Because no analysis had been made from the point of view of mobility, the Mobile Lives Forum commissioned two research teams to carry out exploratory analyses of the proposals that came out of the True Debate and of Great Debate on issues of mobility.

1. Three researchers from the Triangle laboratory of ENS Lyon - Antoine Lévêque, Christophe Parnet and Vincent Ventresque - for the True Debate

This project was launched in early May 2019, and the results were received at the end of May 2019.

It is very clear that the proposals and arguments of the participants in the True Debate, from the point of view of mobility, are in keeping with the demand for a massive reinforcement of transport infrastructure and equipment.

Several mobility-related demands run through all the themes:

  • a massive demand for public service, with the observation of a deterioration in mobility conditions linked to a decrease in government support (public transport, motorways and small train lines);
  • a set of demands about tax justice: rejection of fuel taxes, and a call for fairer tax distribution;
  • environmental concerns: free public transport, road-rail transport, etc.
  • the perception that different mobilities are selectively valued: whether it is in the treatment of tax measures, the loss of public services or the unequal location and availability of transport infrastructure, there is a strong perception of unequal mobility, encouraged differently according to which social categories are travelling or what goods are being transported.

2. Three researchers from the Mobil'homme social sciences office - Marc Antoine Messer, David Moreau and Stephan Utz - for citizen contributions to the Great Debate.

This project was launched in October 2019, and the results were received in December 2019.

The researchers found many elements that they grouped under 4 main lessons, all relating to the current state of mobility in France, how the country’s organization generates mobility needs (including car dependency), the tension between individual freedom and collective responsibility in the context of climate change, and proposals made to improve the situation:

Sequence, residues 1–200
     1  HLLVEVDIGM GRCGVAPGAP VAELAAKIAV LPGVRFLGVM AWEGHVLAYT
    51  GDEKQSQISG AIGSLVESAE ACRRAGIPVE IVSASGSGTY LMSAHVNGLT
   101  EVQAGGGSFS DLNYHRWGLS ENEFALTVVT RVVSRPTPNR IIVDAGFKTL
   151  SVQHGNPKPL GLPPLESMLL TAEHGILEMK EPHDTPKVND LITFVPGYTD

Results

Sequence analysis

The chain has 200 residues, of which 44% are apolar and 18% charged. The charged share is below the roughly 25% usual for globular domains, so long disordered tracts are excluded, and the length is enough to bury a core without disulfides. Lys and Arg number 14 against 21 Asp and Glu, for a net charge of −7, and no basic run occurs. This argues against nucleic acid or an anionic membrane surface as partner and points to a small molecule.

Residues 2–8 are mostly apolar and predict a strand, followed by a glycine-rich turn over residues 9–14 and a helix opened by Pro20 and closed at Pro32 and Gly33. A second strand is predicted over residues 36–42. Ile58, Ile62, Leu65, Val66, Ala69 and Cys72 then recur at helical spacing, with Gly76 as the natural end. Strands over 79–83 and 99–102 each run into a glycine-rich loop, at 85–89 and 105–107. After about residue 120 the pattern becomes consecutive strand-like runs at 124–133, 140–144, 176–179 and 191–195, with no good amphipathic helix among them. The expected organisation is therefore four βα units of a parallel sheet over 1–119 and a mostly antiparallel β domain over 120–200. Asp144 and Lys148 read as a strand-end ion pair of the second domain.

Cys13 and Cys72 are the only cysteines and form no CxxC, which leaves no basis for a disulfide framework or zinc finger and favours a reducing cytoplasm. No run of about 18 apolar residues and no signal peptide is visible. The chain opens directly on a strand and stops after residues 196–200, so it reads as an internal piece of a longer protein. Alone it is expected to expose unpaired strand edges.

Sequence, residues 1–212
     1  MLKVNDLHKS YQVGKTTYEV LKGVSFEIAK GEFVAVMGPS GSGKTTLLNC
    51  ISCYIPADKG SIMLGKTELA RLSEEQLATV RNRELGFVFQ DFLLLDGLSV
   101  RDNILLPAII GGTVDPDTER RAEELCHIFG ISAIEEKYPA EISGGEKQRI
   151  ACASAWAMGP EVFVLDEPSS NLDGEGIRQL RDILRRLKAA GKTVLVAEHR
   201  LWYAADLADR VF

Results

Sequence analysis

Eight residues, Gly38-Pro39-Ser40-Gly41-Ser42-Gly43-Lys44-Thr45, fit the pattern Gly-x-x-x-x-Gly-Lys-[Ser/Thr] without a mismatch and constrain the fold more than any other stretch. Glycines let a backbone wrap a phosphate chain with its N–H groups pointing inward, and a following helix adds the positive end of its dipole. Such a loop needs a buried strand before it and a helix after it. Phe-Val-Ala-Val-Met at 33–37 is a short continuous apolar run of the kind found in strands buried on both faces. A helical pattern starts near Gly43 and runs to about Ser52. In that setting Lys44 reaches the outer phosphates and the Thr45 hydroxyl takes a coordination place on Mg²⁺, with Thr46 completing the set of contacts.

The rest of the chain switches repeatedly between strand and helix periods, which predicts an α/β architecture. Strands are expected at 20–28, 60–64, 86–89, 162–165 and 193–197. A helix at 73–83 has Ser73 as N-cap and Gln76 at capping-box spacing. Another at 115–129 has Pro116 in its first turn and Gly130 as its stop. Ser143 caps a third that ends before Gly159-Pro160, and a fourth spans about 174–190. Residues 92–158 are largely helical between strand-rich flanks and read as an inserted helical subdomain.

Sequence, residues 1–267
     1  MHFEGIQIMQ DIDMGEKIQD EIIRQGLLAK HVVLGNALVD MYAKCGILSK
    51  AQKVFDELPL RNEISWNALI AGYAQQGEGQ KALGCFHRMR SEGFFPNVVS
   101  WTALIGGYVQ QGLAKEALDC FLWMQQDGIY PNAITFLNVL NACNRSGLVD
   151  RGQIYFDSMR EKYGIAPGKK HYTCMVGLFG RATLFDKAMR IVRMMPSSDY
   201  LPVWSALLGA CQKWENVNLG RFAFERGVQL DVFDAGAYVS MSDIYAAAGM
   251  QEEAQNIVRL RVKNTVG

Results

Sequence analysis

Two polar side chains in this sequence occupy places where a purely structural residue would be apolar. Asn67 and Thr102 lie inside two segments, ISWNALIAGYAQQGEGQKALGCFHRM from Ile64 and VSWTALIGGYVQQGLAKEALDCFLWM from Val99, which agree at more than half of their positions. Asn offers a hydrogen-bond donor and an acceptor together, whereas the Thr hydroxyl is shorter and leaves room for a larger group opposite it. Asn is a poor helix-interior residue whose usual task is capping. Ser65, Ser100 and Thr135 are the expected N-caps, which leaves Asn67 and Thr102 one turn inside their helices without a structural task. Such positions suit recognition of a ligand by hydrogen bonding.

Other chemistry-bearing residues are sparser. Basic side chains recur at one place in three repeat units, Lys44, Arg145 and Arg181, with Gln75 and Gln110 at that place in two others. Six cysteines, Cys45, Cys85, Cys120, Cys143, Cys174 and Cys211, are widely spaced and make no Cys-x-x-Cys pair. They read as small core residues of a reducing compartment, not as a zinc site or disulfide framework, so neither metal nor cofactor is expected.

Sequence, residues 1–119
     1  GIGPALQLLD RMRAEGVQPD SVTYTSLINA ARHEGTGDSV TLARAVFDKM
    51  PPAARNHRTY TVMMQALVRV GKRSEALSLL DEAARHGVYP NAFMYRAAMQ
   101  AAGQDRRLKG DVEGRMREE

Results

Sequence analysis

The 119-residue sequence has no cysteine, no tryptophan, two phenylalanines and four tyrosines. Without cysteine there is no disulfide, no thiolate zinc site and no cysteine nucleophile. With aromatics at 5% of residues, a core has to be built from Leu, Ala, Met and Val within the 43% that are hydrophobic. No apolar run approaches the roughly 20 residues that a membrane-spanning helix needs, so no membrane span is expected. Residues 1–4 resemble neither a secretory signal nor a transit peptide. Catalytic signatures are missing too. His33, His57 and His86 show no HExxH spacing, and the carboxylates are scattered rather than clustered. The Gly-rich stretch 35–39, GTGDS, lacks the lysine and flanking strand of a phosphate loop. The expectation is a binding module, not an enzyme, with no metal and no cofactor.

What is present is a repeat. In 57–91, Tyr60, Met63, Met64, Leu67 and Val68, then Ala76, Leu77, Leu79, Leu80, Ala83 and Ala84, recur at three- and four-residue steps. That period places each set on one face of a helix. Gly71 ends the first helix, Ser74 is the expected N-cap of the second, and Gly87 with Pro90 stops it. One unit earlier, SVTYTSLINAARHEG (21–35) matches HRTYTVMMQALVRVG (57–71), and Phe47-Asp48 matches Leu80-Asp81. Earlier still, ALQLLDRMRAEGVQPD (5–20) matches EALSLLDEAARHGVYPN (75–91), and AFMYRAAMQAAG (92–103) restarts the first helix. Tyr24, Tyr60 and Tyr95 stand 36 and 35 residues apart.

• the transport supply is degraded and there’s a total dependence on cars;
  • the organization of the State and its territory causes a high dependence on mobility;
  • there is a strong tension between individual aspirations and collective choices about modes of transport in the context of climate change;
  • to change the situation, we need to take action on the territory and on the transport supply.

Finally, despite the participants having a very different sociological profile (few people who were young, employed, or with a university degree), the Great Debate exposed similar issues to those revealed in the True Debate: the decline or weakness of transport services (rail, public transport,...), the fact that local services are run-down, thus creating new mobility needs, etc. And it also received similar proposals: road-rail transport, cycling as an alternative to cars, free public transport, limiting the desertification of rural areas, etc.

Download the ful analysis (in French Only)

Mobility in the Great Debate

Mobility in the True Debate


For the Mobile Lives Forum, mobility is understood as the process of how individuals travel across distances in order to deploy through time and space the activities that make up their lifestyles. These travel practices are embedded in socio-technical systems, produced by transport and communication industries and techniques, and by normative discourses on these practices, with considerable social, environmental and spatial impacts.

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Movement is the crossing of space by people, objects, capital, ideas and other information. It is either oriented, and therefore occurs between an origin and one or more destinations, or it is more akin to the idea of simply wandering, with no real origin or destination.

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To cite this publication :

Mobile Lives Forum et Antoine Lévêque (03 July 2020), « Yellow vests and mobility crisis: what did the “True” and the “Great” Debates lead to? », Préparer la transition mobilitaire. Consulté le 03 March 2024, URL: